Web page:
Hypertension in vietnam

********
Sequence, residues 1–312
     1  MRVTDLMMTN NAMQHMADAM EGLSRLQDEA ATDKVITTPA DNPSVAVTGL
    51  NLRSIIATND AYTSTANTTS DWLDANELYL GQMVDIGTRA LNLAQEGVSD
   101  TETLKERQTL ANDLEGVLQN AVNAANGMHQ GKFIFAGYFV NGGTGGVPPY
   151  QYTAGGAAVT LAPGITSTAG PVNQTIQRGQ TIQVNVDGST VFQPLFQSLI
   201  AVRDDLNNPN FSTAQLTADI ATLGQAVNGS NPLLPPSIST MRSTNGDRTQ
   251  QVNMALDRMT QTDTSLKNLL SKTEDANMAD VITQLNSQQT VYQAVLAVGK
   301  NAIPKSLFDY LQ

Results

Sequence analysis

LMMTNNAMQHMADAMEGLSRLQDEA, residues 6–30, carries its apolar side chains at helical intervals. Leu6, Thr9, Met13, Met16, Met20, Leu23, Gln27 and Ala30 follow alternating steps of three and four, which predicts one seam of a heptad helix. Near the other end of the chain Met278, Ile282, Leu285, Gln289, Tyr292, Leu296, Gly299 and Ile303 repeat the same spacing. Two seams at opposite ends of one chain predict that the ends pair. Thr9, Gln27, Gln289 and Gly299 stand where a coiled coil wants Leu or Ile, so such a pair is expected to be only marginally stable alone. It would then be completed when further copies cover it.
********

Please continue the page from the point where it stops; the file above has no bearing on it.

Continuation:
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HYPERTENSION IN VIETNAM FROM COMMUNITY-BASED STUDIES TO A NATIONAL TARGETED PROGRAMME Pham Thai Son Epidemiology and Global Health, Department of Public Health and Clinical Medicine, Umeå University, Umeå, Sweden and Vietnam National Heart Institute, BachMai Hospital & Hanoi Medical University, Vietnam UMEÅ – 2012 Responsible publisher under Swedish law: the Dean of the Medical Faculty This work is protected by Swedish Copyright Legislation (Act 1960:729) © Copyright: Pham Thai Son ISBN: 978-91-7459-421-8 ISSN: 0346-6612 Cover pictures: Photos taken by NguHanhSon E-version available at http://umu.diva-portal.org/ Printed by: Print & Media, Umeå, Sweden 2012 ‘‘Knowing is not enough; we must apply. Willing is not enough; we must do.’’ Johann Wolfgang von Goethe (1749–1832). To my family and my beloved people ABSTRACT Background: In the context of transitional Vietnam, hypertension has been shown to be one of the ten leading causes of morbidity and mortality in hospitals. However, population-based data on hypertension are to a large extent lacking. This thesis aims to characterise the current epidemiology of hypertension in the adult Vietnamese population and provide preliminary evidence for developing effective community-based hypertension management programmes nationwide. Methods: The study was conducted during 2002-2010. It includes two national surveys of the adult population aged 25 years and older, randomly selected in eight provinces in different regions of Vietnam, as well as a community-based programme on hypertension management in two communes of Bavi district. The survey on hypertension and associated risk factors, which included 9,832 adults, applied the WHO STEP-wise approach. The survey on hypertension-related knowledge and health seeking behaviour included 31,720 adults, using a structured questionnaire. For the community-based study, three-year follow-up data on 860 hypertensives was used to assess the effectiveness of the hypertension control model. Main findings: Hypertension prevalence was high (overall 25.1%, 28.3% in men and 23.1% in women). The proportions of hypertensives aware, treated and controlled were unacceptably low (48.4%, 29.6% and 10.7% respectively). Most Vietnamese adults (82.4%) had good knowledge about high blood pressure. People received their information on hypertension from mass media (newspapers, radio, and especially television). Most people would choose a commune health station (75%) if seeking health care for hypertension. The programme on hypertension control was able to run independently at the commune health station. Severity of hypertension and effectiveness of treatment were the main factors influencing people’s adherence to the programme. The hypertension control programme successfully reduced blood pressure (systolic blood pressure: -2.2 mmHg in men and -7.8 mmHg in women; diastolic blood pressure: -4.3 mmHg in men and -6.8 mmHg in women), the estimated CVD 10year risk (-2.5% in women), and increased the proportions of treatment (22% in men and 13.6% in women) and control (11% in men and 17.3% in women) among hypertensive people. Suggestions for hypertension control: (1) Address the general population by developing community interventions, particularly salt reduction; (2) Provide interventions to individuals at high risk of a CVD event, including multi-drug treatment within patient-centred primary health care. (3) Set up a hypertension care network based in the existing health care system; (4) Improve and strengthen capacity and skills of medical staff in cardiac care, particularly staff at primary care level. Keywords: Hypertension, risk factor, community, programme, Vietnam i ABBREVIATIONS AIDS BP CHS CI CVD DALY DBP FilaBavi GDP HIV LMICs MOH NCD OR p SBP STEPS US$ VND VNHI WHO Acquired Immunodeficiency Syndrome Blood Pressure Commune Health Station Confidence Interval Cardiovascular Diseases Disability Adjusted Life Year Diastolic Blood Pressure Epidemiological Field Laboratory in Bavi District Gross Domestic Product Human Immunodeficiency Virus Low- and Middle-Income Countries Ministry of Health Non-communicable disease Odds Ratio p-value Systolic Blood Pressure Stepwise approach to surveillance of non-communicable risk factors US Dollars Vietnamese currency (1 US$ = 20,900 VND approximately) Vietnam National Heart Institute World Health Organization ii ORIGINAL PAPERS This thesis is based on the following original papers: I. Son PT, Quang NN, Viet NL, Wall S, Weinehall L, Bonita R, Byass P: Prevalence, awareness, treatment, and control of hypertension in Vietnam - Results from a national survey. Journal of Human Hypertension 2012, 26(4): 268-280. II. Son PT, Quang NN, Viet NL, Wall S, Weinehall L, Bonita R, Byass P: Hypertension-related knowledge and health-care seeking behaviours base on a national survey of Vietnamese adults. (Submitted manuscript) III. Quang NN, Son PT, Viet NL, Wall S, Weinehall L, Bonita R, Byass P: Implementing a hypertension management programme in a rural area: local approaches and experiences from Ba-Vi District, Vietnam. BMC Public Health 2011, 11:325. IV. Son PT, Quang NN, Viet NL, Wall S, Weinehall L, Bonita R, Byass P: Effects of a 3-year community-based hypertension management programme in rural Vietnam. (Submitted manuscript) The papers will be referred to by their Roman numerals I-IV. iii PROLOGUE I graduated as a general medical doctor in 1992 at Hue Medical University in central Vietnam. As I could not get a job, with my family's encouragement I decided to continue studying medicine at Master’s level. At that moment, Hue Medical University had no training at that level, so I took the examinations for medicine at Master’s level at Hanoi Medical University. I was fortunate to be one of four candidates who passed the Master's examination in internal medicine. When I was a medical student, I was very interested in cardiology. So I asked to do my Master’s thesis on echocardiography. Completing medicine at Master’s level in Cardiology in early 1997, shortly after that I got married and at the end of 1997, I was lucky to get a fellowship in Cardiac Intensive Care and Echocardiography in France. A first view of modern medicine in a developed country has given me new insights into patient care and health care systems. Besides curative therapy, patients are guided thoroughly and given details about preventive measures as well as non-pharmacological therapy that could prevent complications and avoid relapses. Patients are cared for and closely monitored at all levels of the health care system. Patients who are discharged and return home, in addition to prescriptions, always have a letter summarizing their illness and treatment at hospital for their family physicians. So, patient would continue to be monitored and cared for by family doctors, as well as getting the right treatment in hospital. And if patients have any new events, the family doctors send them back to the specialists (e.g. cardiologists) along with a summary of their illness. This was my first experience of primary health care. Returning to Vietnam in early 1999, I was appointed to work at Vietnam National Heart Institute (VNHI), Bach Mai Hospital as a cardiologist and an echocardiographer. I presented my thoughts on cardiac care in the health care system in France to our leaders. In 2000, along with clinical work, I was assigned to do more work as secretary of the Prevention and Control Programme for Cardiovascular Diseases (CVD), collaboration between VNHI, the Vietnamese Ministry of Health and the WHO Representative’s office in Hanoi. In the years 2000-2001, we found that the CVD pattern had changed. In the speciality morning meetings, medical students reported more and more new cases with hypertension-related stroke, myocardial infarction, or aortic aneurysm. Everyday we hear “the melody” repeated in students’ reports as: "Patient with a history of hypertension over 10 years, no regular treatment, early yesterday morning had a headache and right hemiplegia. The family brought the patient to hospital and the patient was diagnosed with a stroke"; or "A man with iv a history of smoking for more than 30 years, well-known hypertension over 5 years but no treatment, yesterday afternoon suddenly had severe left chest pain, was brought into the emergency hospital and was diagnosed with acute myocardial infarction”, etc. I remember when I was a medical student; we only saw 1 or 2 cases of acute myocardial infarction per year. Starting from the current hypertension-related CVD situation and for understanding the hypertension situation nationwide, VNHI, having responsibility as the leading national institution for preventing and controlling CVD, proposed a national survey on hypertension and its risk factors. As programme secretary, I was looking for young colleagues for the survey and I met Doctor Quang, who was a resident in cardiology. In addition to clinical work, we participated in the national survey on hypertension and its risk factors in 8 provinces around Vietnam from 2001 to 2008 and worked as the principal investigators, surveyors, and supervisors. With the enthusiastic support of experts from WHO, we learned and gained a lot of experience in planning, preparing, organising and evaluating a population-based nationwide survey. Seeing hypertensive patients treated at our Institute every day for complications due to uncontrolled high blood pressure and bad habits, we thought that it was necessary to have a national programme for preventing and controlling hypertension. Moreover, hypertensive patients coming from other provinces could result in work overloads for central hospitals. According to our experience, these outpatients could be treated at commune health stations, or by family doctors. On the other hand, the preliminary results of survey on hypertension showed that the prevalence of hypertension was high and there were a lot of moderate and severe hypertensives who needed drug therapy. We could not treat all these patients while sitting in hospitals. We asked ourselves many questions. How could we get information about the current hypertension situation on a national scale? How could hypertensive patients be treated close to where they live, without needing to come to provincial or central hospitals? How could medical staff at the local level provide cardiac care services for people in their catchment areas? How could we get qualitative evidence on the effectiveness of a community-based management programme on hypertension? How could such a programme function in the context of very limited budgets for health care in general and for prevention of CVD in particular? In 2005, under the support and encouragement of VNHI’s leaders, I and Doctor Quang developed the project "Comprehensive hypertension management in Vietnam" and sent it for funding at Department of Epidemiology and Public Health at Yale University, USA, within the framework of preventing and controlling chronic diseases worldwide. Due to lack of experience and knowledge of epidemiology and public health, the project was not satisfactory and was not approved. v In 2006, another opportunity came to us when our VNHI Director, Professor Nguyen Lan Viet, was appointed Rector of Hanoi Medical University and became Director of the Health System Research Programme (HSRP), a cooperation between Vietnam and Sweden. Professor Viet supported and encouraged us to present our project on hypertension management to HSRP. He advised us that based on the project we could develop our PhD studies. In April 2006, I showed my PhD study proposal to Professor Vinod Divan and Professor Nguyen Thi Kim Chuc, the joint coordinators of HSRP. They accepted my proposal. In June 2006, I presented my proposal at the Scientific Research Council of Hanoi Medical University and in October 2006 at Epidemiology and Global Health, Department of Public Health and Clinical Medicine, Umeå University. In 2006, I joined HSRP and participated in the fieldwork and hypertension control programme of FilaBavi, in Bavi District, since then. The courses I took in Umeå helped me to understand thoughtfully the processes of studying and evaluating results, not only for quantitative parts but also qualitative parts. I got more knowledge and confidence to carry out surveys or interventions in the community as well as perceiving the importance of, and the interactions between, public health, clinical and academic activities. The knowledge gained was used to make suggestions for the community-based studies as well as clinical research in our work. To explore more on hypertension and other CVD risk factors, I participated in cross-sectional surveys and a cohort study on CVD risk factors in Thai Binh province and Hanoi city, in 2009. I have grown through my participation in community-based work in Vietnam and in PhD studies in Umeå. I have gained insight into the elements involved in large public health research projects and health care. With these experiences, I have participated in the National Targeted Programme for Preventing and Controlling Hypertension from 2008 up to now, worked as the secretary of the project, responsible for almost all its activities: project design, mass media education on hypertension for the population; education programme for improving capacity of local health professionals; carrying out research within the project such as national surveys on human resources for CVD prevention and on hypertension-related knowledge and health care seeking behaviour. The main manifest outcome of a PhD study is the final thesis. When this thesis has been defended I hope to continue working in community studies, in the National Targeted Programme for Management of Hypertension and in the clinical work that I have been part of developing. vi TABLE OF CONTENTS Abstract………………………………......…………………………………………………………………………….……i Abbreviations…………………………………………………………………………………………………….……ii Original papers…………………………………………………………………………………………….….……iii Introduction………………………………………………………..……………………………………….………….1 Hypertension: a major public health challenge worldwide…….…………………….1 What is hypertension? ……………………………………………………………………………….………..2 Prevention and control of hypertension……………………………………………….…….…….3 Vietnam….…..……………………………………………….……………………………………………….………….5 NCD, CVD and hypertension in Vietnam……………………………….………………………..8 Objective………………………………………………………………………………………………….……………...12 General Objective…………………………………………………………………………………………………12 Specific Objectives……………………………………………………………………………………………….12 Materials and methods…………………………………………..………………………………………..14 Study setting………………………………………………………………………………………………………...14 Subjects and sampling…………………………………………………………… ………………………….16 Study design and data collection……………..……………………………………………………….18 Main definitions………………..……………………………….………………………………………….…….24 Data analysis………………………………………….…………….…………………………………………….…25 Ethical considerations…………………….……………….…………………………………………………25 Main findings and discussion……………………………………………………………………....26 Burden of hypertension…………………………………………………………………….……….26 - Prevalence of hypertension………………………………………..………………………………26 - Awareness, treatment and control of hypertension…………….………….……27 - Hypertension-related knowledge & health-care seeking behaviour….32 Hypertension management programme……………………….……..………..…37 - Setting up a hypertension management programme……………..……………37 - Who joined and who did not join the programme……….……….............……38 - Who dropped out or had regular follow-up in the programmme.......41 - Effects of a 3 year hypertension management programme…………………44 Policy implications………....……………………………………………………………….………………..51 Developing community interventions, particularly for salt reduction...…..51 Multi-drug hypertensive treatments at primary health care……..……………….55 Setting up a hypertension care network…………………………………………………..…….58 Improving cardiac care given by health staff at primary health care .......62 Conclusions and suggestions for research in future…………………..…….64 Acknowledgements……………………………………………………………………………………………66 References…………………………………………………………………………………………………………..…69 vii INTRODUCTION Hypertension: a major public health challenge worldwide Hypertension is an important public health challenge, which affects approximately one billion persons worldwide [1]. According to the World Health Organization (WHO), hypertension is the leading risk factor for mortality (12.7% of deaths attributable) followed by tobacco use (8.7%) and high blood glucose (5.8%) [2]. Each year at least 7.1 million people die as a consequence of hypertension [3]. The overall average prevalence of hypertension in the world was estimated as 35% (37% in men and 31% in women) [4]. Hypertension has become a significant problem, being already established in high-income countries, and also emerging in many low- and middle-income countries (LMICs) experiencing epidemiological transition from communicable to non-communicable chronic diseases. Increases in rates of hypertension and other cardiovascular diseases, representing an emerging public health problem in LMICs, happen as populations grow older, become urbanised, and lifestyle changes favour sedentary habits, physical inactivity, obesity, increasing alcohol consumption and salt intake, among others [1, 3, 5]. Despite effective therapies and lifestyle interventions, optimal control of blood pressure (BP) remains a challenge for many LMICs, partly due to poor adherence to pharmacological and lifestyle therapies [1, 3-5]. Health services need to control emerging chronic diseases in LMICs, even though health resources are limited and have to be shared with the simultaneous demands of continuing infectious diseases. Hypertension represents a key target for health services because it can be influenced by both lifestyle and drug-based strategies. Lifestyle measures for lowering blood pressure, such as reducing salt intake and alcohol consumption, increasing physical activity, controlling overweight and obesity, avoiding stress, and others, can potentially reduce requirements for anti-hypertensive medications and prevent high blood pressure from developing in non-hypertensives. These measures are also important for controlling other cardiovascular disease (CVD) risk factors, which may not be linked to hypertension, such as smoking, hypercholesterolaemia, or diabetes, illustrating the importance of a multifactorial approach for reducing risk among hypertensives [6-9]. A variety of models have been proposed to account for lifestyle behaviour and sustained changes to them [10-13]. These strategies for behaviour 1 change stress that it is important to understand peoples’ knowledge about hypertension and what they believe it may lead to, as well as care-seeking behaviour by hypertensive individuals, as a crucial means of understanding observed behaviours and guiding behavioural change. A proper assessment and understanding of knowledge and health-care seeking behaviour is important in chronic conditions such as hypertension, because prevention and control necessitate lifelong lifestyle changes [14-18]. The benefits of hypertension treatment and control are well-established from many previous studies, trials, reports and guidelines in different populations, ethnic groups and nations [1, 19-26]. Meta-analysis of 14 randomised trials for hypertension control by Collins et al. estimated that a long-term reduction of 5 – 6 mmHg in blood pressure is associated with 35 – 40% fewer strokes and 20 – 25% less coronary heart diseases [19]. These estimates had very wide confidence intervals and must be used with caution. The Seventh report of the Joint National Committee (JNC) on Prevention, Detection, Evaluation, and Treatment of High Blood Pressure showed that a decrease of systolic blood pressure in the population by 5 mmHg would result overall in a 14% reduction in mortality due to stroke, a 9% reduction in mortality due to coronary heart diseases, and a 7% decrease in all-cause mortality [1]. What is hypertension? According to the 1999 World Health Organization-International Society of Hypertension (WHO/ISH) Guidelines for the Management of Hypertension [21], hypertension is defined as a systolic blood pressure (SBP) of 140 mmHg or greater and/or a diastolic blood pressure (DBP) of 90 mmHg or greater in subjects who are not taking antihypertensive medication. For subjects with diabetes mellitus, end organ damage or metabolic syndrome, blood pressure levels of 130/80 mmHg or greater are defined as hypertension [27-31]. In general, the diagnosis of hypertension should be based on at least 2 blood pressure measurements per visit and at least 2 to 3 visits; although in particularly severe cases the diagnosis can be based on measurements taken at a single visit. In epidemiological studies, hypertension is commonly defined as SBP/DBP of 140 mmHg or greater and/or 90 mmHg or greater measured on one visit, which could overestimate the true prevalence. Blood pressure measured on one occasion, however, is far better than self-reported hypertension that greatly underestimates the prevalence [1, 30, 31]. A classification of blood pressure levels in adults over the age of 18 is provided in Table 1. 2 Table 1. Definitions and classification of blood pressure (diastolic blood pressure) levels (*) Category Systolic blood pressure (mmHg) Diastolic blood pressure (mmHg) Optimal <120 and <80 Normal <130 and/or <85 Pre-hypertension 130 – 139 and/or 85 – 89 Hypertension stage 1 (mild) 140 – 159 and/or 90 – 99 Hypertension stage 2 (moderate) 160 – 179 and/or 100 – 109 Hypertension stage 3 (severe) ≥ 180 and/or ≥ 110 Isolated systolic hypertension ≥ 140 and < 90 When a patient’s systolic and diastolic blood pressures fall into different categories, the higher category should apply. (*) According to Vietnam Ministry of Health’s Guidelines for Prevention and Management of Hypertension [31]. Prevention and treatment of hypertension Prevention The prevention and management of hypertension are major public health challenges worldwide. Prevention of hypertension may be pursued through healthy lifestyle changes. Widespread adoption of healthy lifestyles is critical for population prevention of high blood pressure as well as being an important part of treatment for those with hypertension. Blood pressure can be reduced by lifestyle modifications, which can also reduce or delay the incidence of hypertension, enhance the effects of drug therapy, and decrease the risk of cardiovascular events [1, 21, 30, 31]. Healthy lifestyle determinants for preventing hypertension include weight reduction and maintaining normal body weight (BMI 18.5 – 22.9 kgm-2), moderate or vigorous physical activity, reduced salt intake, moderate alcohol consumption, and adopting a diet high in fruit and vegetables, and lower in dairy products, thus reducing intake of saturated and total fat [1, 30-32]. For overall cardiovascular risk reduction, smoking cessation is recommended for all smokers. 3 Relatively modest weight loss (up to 5 kg) can reduce blood pressure and/or prevent hypertension for many overweight individuals [1, 33-35]. Physical activity has been shown to reduce mortality in hypertensive subjects, and they should be encouraged to find activities of interest. Promoting regular physical activity such as brisk walking for at least 30 minutes on most days can be useful [36-38]. Salt consumption is of major importance in the development of hypertension, and salt reduction not only prevents high blood pressure developing, but also has been used as a nonpharmacological therapy for hypertension treatment. Salt intake should be reduced to no more than 6 g (2400 mg sodium) per person per day and is recommended to be reduced to less than 5 g (2000 mg sodium) per person per day [39-41]. A suggested modification of the whole diet is the Dietary Approaches to Stop Hypertension (DASH) eating plan, which is a diet rich in fruits, vegetables, and low fat dairy products with a reduced content of dietary cholesterol as well as saturated and total fat, which could benefit all blood pressure levels [1, 30, 41-43]. Alcohol intake exceeding 30g per day can cause hypertension, and a primary goal should be to reduce alcohol intake in affected persons. Alcohol consumption should be limited to no more than two drinks per day in most men and one dink per day in women and lighter-weight persons, on the basis that a drink is 300 ml of beer, 150 ml of wine, or 40 ml of 80-proof spirits [44, 45]. There are many barriers to healthy lifestyles ranging from a lack of incentives for health professionals to spend time advocating lifestyle changes, to a lack of opportunities for suitable times and places to engage in physical activity, and a lack of individual control over the quantity and quality of food consumed, including the amount of salt used. All of these factors work against successfully preventing hypertension. Multiintervention approaches are needed to overcome these difficulties, at the individual, community and policy levels. A recent recommendation to reduce salt consumption to less than 5 g (2000 mg sodium) per person per day by 2025 is a type of approach that might reduce blood pressure in the population [41]. Antihypertensive treatments Drugs administered to hypertensives are intended to cardiovascular and renal mortality and morbidity. If blood pressure can be reduced, with treatment to <140/90 mmHg there will be a reduced risk of CVD complications. In persons with hypertension and diabetes or renal disease, the blood pressure goal is <130/80 mmHg. Trials have shown that successful antihypertensive treatment can decrease stroke incidence by 35% to 40%; myocardial infarction by 20% to 25%; and heart failure by >50% [46]. 4 A large number of drugs are currently available for hypertension treatment. There are eight main groups of antihypertensive drugs: diuretics, where thiazide diuretics (e.g. hydrochlorothiazide, chlorothiazide, indapamide) are the best recognized, beta-blockers (BB; e.g. atenolol, bisoprolol, meteprolol), angiotensin converting enzyme inhibitors (ACEI; e.g. enalapril, lisinopril, perindopril), angiotensin receptor blockers (ARB; e.g. telmisartan, valsartan, losartan), calcium channel blockers (CCB; mainly the dihydropyridines: e.g. nifedipine, amlodipine, nicardipine), alpha 1 blockers (e.g. prazosin), central alpha 2 agonists (e.g. methyldopa), and direct vasodilators (e.g. hydralazine, minoxidil). These eight groups have been tested largely in many clinical trials with the most important goal being to effectively reduce blood pressure and CVD events such as strokes, coronary heart diseases, and heart failure [46-52]. Drug treatment of a hypertensive is a progression through a hierarchy of options, depending on how successfully blood pressure can be reduced. If lifestyle changes do not produce results, thiazide diuretics should be used as initial therapy for most hypertensives, either alone (for most hypertension stage 1) or in combination with one of other classes (ACEI, ARB, CCB, BB) [49-51, 53]. Most hypertensives cannot be controlled on one drug alone and will require two or more drugs selected from different classes. Hypertension may exist in association with other conditions (diabetes, chronic kidney disease, heart failure, ischaemic heart disease, recurrent stroke) in which cases the choice of drugs must be directed at both the compelling indications and reducing in blood pressure [1, 28-31, 51, 54]. Once a satisfactory level of blood pressure control is achieved, patients can usually move to longer follow-up intervals for checking the stability of their blood pressure levels. Blood pressure should not be treated in isolation, and hypertension clinics should actively promote reduction strategies for other cardiovascular risk factors [1, 30, 31]. Vietnam Demographic, socio-economic and health information Vietnam is the easternmost country on the Indochina Peninsula in the Western Pacific region. It is bordered by China to the north, Laos to the northwest, Cambodia to the southwest, and the ocean to the east. It has a total surface area of 331,100 km2. According to a census carried out in 2009 [55], the total population was 85,789,573. This makes Vietnam the third most populous country in Southeast Asia (after Indonesia and the Philippines) and the thirteenth most populous country in the world. With an average population density of 259 km-2, Vietnam is one of the most densely 5 populated countries in the region and in the world. It is estimated that 49.5% of the population are men and 50.5% are women. Over 70% of the Vietnamese population live in rural areas. There are 53 ethnic minority groups, mostly living in mountainous areas. The major ethnic group (Kinh) accounts for 87% of the population, who live mainly in the major delta areas and coastal plains [55]. Since 1986, with a wide-ranging economic reform programme known as “Doi moi” (Renovation), Vietnam has transformed from a planned economy to a market economy and has made progress in improving economic conditions. In general, in urban as well as rural areas, people’s livelihoods have improved. The number of poor households decreased from 55% in 1989 to 10.6% in 2009 [55]. The country has been successful in achieving a comparatively high level of social development with an adult literacy rate of 94%. Agriculture accounts for half of the national income and nearly threequarters of national employment. Rice is the main product and Vietnam is the second largest rice exporter in the world. GDP per capita increased from US$ 156 in 1992 to US$ 964 in 2009. Table 2 shows some basic demographic, socioeconomic and health indicators for Vietnam in 2009. Table 2. Basic demographic, socio-economic and health indicators for Vietnam in 2009 [55]. Indicators - Area (km2) 331,200 - Population - Population density (inhabitants 85,789,573 km-2) 259 - GDP per capita (US$) 964 - Literacy (%) 94 - Crude death rate (per thousand) 6.8 - Annual population growth rate (per thousand) 10.5 - Life expectancy at birth (years) 72.8 - Infant mortality rate (per thousand) 16 - Under five mortality rate (per thousand) 25 - Maternal mortality rate (deaths/100,000 births) 75 - Number of doctors per 10,000 inhabitants 6.6 - Number of nurses per 10,000 inhabitants 8.8 - Health budget in GDP (%) 3.63 - Health budget per capita (US$) 35 6 Health care system The health care system in Vietnam is now organized in a four-tiered pyramid (Figure 1). At the top of the pyramid is the Ministry of Health, which consists of 16 different departments. The Ministry is ultimately responsible for the provision of all preventive and a large part of the curative health services in the country. Administration Authorities Health Authorities Main Health facilities Central Government Ministry of Health - 16 Departments in the MOH - 15 National medicine/pharmacy colleges - 20 Central hospitals - 10 Central research/professional Institutions - 3 Central pharmaceutical companies/ factories Provincial People’s Committee Provincial Health Bureau - 63 Provincial health offices - 197 Provincial hospitals - 63 Provincial preventive health centres - 63 Provincial pharmaceutical companies/factories District People’s Committee District Health Centre - 697 District health centre office - 1,507 District hospital/policlinics - 3,014 District preventive health teams - Public pharmacies Commune People’s Committee Communal Health Centre - 11,112 Commune health stations - Drug outlets - Village health workers Figure 1. Vietnam health care system At the second tier are the 63 Provincial Health Bureaus, each of which has of about 4-8 departments. In each province, there is also at least one general hospital with 200-1,000 beds. In addition, each province may also have one or more specialized centres or hospitals (e.g., ontological hospitals, cardiology centres, psychiatric hospitals, traditional medicine hospitals or tuberculosis hospitals). 7 At the third tier are the District Health Centres, each of which serves the population of their respective districts. In each district, there is a district general hospital with an average of 150 to 200 beds. Typically, a unit for maternal and child health (MCH) care and family planning is attached to this hospital. District Health Centres are responsible for three major activities: (1) curative activities; (2) preventive programmes; and (3) surveillance and health statistics. District hospitals are supposed to serve as referral institutions for all inter-communal polyclinics in the district. They also provide training facilities for health staff working in inter-communal polyclinics and commune health stations (CHS) in the district. At the bottom of the pyramid are the commune health stations that are responsible for providing primary health care, including preventive, ambulatory and inpatient services and for referring complicated cases to upper levels of care. Each CHS has a team of one doctor or assistant doctor, three to five nurses and one secondary or primary midwife and it is supposed to serve 5,000 – 20,000 inhabitants. Since 1995, the government has paid commune health workers. They are expected to implement national health programs, such as MCH and family planning, acute respiratory infection (ARI), Expanded Program of Immunization (EPI), control of diarrhoea diseases, malaria control, tuberculosis control, vitamin A and iodine supplementation, and are generally responsible for the management of all health services at the commune level. During the past few years, the Government has revived and promoted the village health worker strategy of providing a minimum of health care to the inhabitants of the more remote areas. Village health workers are supposed to mobilize and assist with immunization, antenatal care, and family planning programs, advise about clean water and sanitation, and offer simple treatments to people in remote villages. Non-communicable diseases (NCD), cardiovascular diseases, and hypertension During the past few decades, Vietnam has made great progress with regards to the health status of the people. Morbidity and mortality rates for communicable diseases have fallen in recent decades from 59.2% and 52.1% in 1986 (the year when the economic reform programme known as “Doi moi” started) to 37.6% and 33.1% in 1996; and to 22.9% and 14.1% in 2009, respectively (Figure 2 and Figure 3) [56]. These facts reflect the success of communicable disease control programmes, especially the expanded program of immunization, which has dramatically reduced the incidence of vaccine-preventable diseases in the country. 8 Figure 2. Trends of mortality by communicable diseases, noncommunicable diseases and injury, poisoning in hospitals, Vietnam 1976 – 2009 [56]. Figure 3. Trends of morbidity by communicable diseases, noncommunicable diseases and injury, poisoning in hospitals, Vietnam 1976 – 2009 [56]. Despite the decline in incidence, communicable diseases continue to remain major public health problems in the country. In 2009, hospital data showed that infectious disease mortality was very common: HIV/AIDS, pneumonia and septicaemia were responsible for numbers two, three and ten among the leading causes of death, respectively [56]. While Vietnam continues to experience infectious diseases, nutritional deprivation, and reproductive health risks for women and their babies, non-communicable diseases are increasingly prevalent and account for a substantial proportion of morbidity and mortality. According to national hospital statistics, admissions of non-communicable disease patients increased from 39 % in 9 1986 to 50 % in 1996; and to 66.3 % in 2009 and mortality from NCDs rose from 41.8 % in 1986 to 43.7% in 1996; and to 63.3 % in 2009 [56]. Among non-communicable diseases, cardiovascular diseases are the most common. In 2003, using 5-year data from an ongoing cause-specific mortality study conducted within a demographic surveillance system (DSS) in Vietnam’s Bavi district, Minh et al. showed that the rates of CVD mortality in rural Vietnam were high [57]. CVD was shown to be the most common cause of death among adults, as well as being the largest component of NCD mortality. Out of 1,067 deaths which occurred among people aged 20 years and older during the period January 01, 1999 to December 31, 2003 in FilaBavi, there were 334 CVD deaths (32.2% of all deaths), a rate of 2.6 per 1,000 person-years [57]. In 2009, hospital data showed that deaths from CVD were very common: intra-cerebral haemorrhage, acute myocardial infarction, stroke and heart failure were responsible for numbers four, five, seven and eight among the ten leading causes of death, respectively [56]. Vietnam has a relatively weak health information system. Consequently, there is little information on hypertension in Vietnam. There have been some cross-sectional surveys of hypertension in northern Vietnam. In 1960, Chung et al. studied prevalence of hypertension in a sample of adults in the north [58]. This study showed that prevalence of hypertension was very low, approximately 1%. After 30 years, in 1991, this proportion had increased more than ten-fold (to 11.2%) as shown in a survey of hypertension among Vietnamese adults, implemented by Vietnam National Heart Institute [59]. There is still a lack of reliable data on hypertension and its risk factors at the community level from the southern part of Vietnam. The health information system mainly relies on hospital-based statistics that are usually biased due to patient self-selection. There is consequently a lack of essential evidence for policy makers and health managers. Population-based findings on the magnitude of hypertension and its risk factors, especially in rural communities and in the southern part of Vietnam, still remain scarce. Wider studies are needed to understand the current situation of hypertension in more detail. Despite the lack of reliable and complete information about hypertension in the whole country, such evidence as there is [56-59] suggests that hypertension in Vietnam is becoming a serious public health problem, with increasing prevalence and magnitude in the population. There was no national strategy for prevention and management of hypertension at the community level in Vietnam at the conclusion of this study. Hypertensive patients received consultations, treatment and some monitoring in public 10